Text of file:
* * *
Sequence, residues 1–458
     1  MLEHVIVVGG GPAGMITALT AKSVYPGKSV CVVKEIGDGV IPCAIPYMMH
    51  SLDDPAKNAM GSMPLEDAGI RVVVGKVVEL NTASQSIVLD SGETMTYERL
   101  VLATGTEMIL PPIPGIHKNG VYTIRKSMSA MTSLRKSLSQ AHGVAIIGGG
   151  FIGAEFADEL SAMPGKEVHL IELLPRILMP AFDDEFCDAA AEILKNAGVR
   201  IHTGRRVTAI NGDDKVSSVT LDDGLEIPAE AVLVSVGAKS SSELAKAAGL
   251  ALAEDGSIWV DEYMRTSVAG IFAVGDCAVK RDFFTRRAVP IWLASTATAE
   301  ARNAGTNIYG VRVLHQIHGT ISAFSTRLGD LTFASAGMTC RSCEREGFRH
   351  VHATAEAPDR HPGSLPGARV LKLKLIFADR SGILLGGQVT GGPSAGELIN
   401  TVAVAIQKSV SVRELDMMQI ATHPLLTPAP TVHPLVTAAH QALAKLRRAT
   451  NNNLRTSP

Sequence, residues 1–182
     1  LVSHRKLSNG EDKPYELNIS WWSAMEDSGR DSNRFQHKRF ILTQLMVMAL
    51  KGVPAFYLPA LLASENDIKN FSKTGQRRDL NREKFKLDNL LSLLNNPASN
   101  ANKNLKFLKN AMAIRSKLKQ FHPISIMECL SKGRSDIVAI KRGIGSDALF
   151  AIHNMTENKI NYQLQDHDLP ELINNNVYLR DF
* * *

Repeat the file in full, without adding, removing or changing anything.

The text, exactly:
Sequence, residues 1–458
     1  MLEHVIVVGG GPAGMITALT AKSVYPGKSV CVVKEIGDGV IPCAIPYMMH
    51  SLDDPAKNAM GSMPLEDAGI RVVVGKVVEL NTASQSIVLD SGETMTYERL
   101  VLATGTEMIL PPIPGIHKNG VYTIRKSMSA MTSLRKSLSQ AHGVAIIGGG
   151  FIGAEFADEL SAMPGKEVHL IELLPRILMP AFDDEFCDAA AEILKNAGVR
   201  IHTGRRVTAI NGDDKVSSVT LDDGLEIPAE AVLVSVGAKS SSELAKAAGL
   251  ALAEDGSIWV DEYMRTSVAG IFAVGDCAVK RDFFTRRAVP IWLASTATAE
   301  ARNAGTNIYG VRVLHQIHGT ISAFSTRLGD LTFASAGMTC RSCEREGFRH
   351  VHATAEAPDR HPGSLPGARV LKLKLIFADR SGILLGGQVT GGPSAGELIN
   401  TVAVAIQKSV SVRELDMMQI ATHPLLTPAP TVHPLVTAAH QALAKLRRAT
   451  NNNLRTSP

Sequence, residues 1–182
     1  LVSHRKLSNG EDKPYELNIS WWSAMEDSGR DSNRFQHKRF ILTQLMVMAL
    51  KGVPAFYLPA LLASENDIKN FSKTGQRRDL NREKFKLDNL LSLLNNPASN
   101  ANKNLKFLKN AMAIRSKLKQ FHPISIMECL SKGRSDIVAI KRGIGSDALF
   151  AIHNMTENKI NYQLQDHDLP ELINNNVYLR DF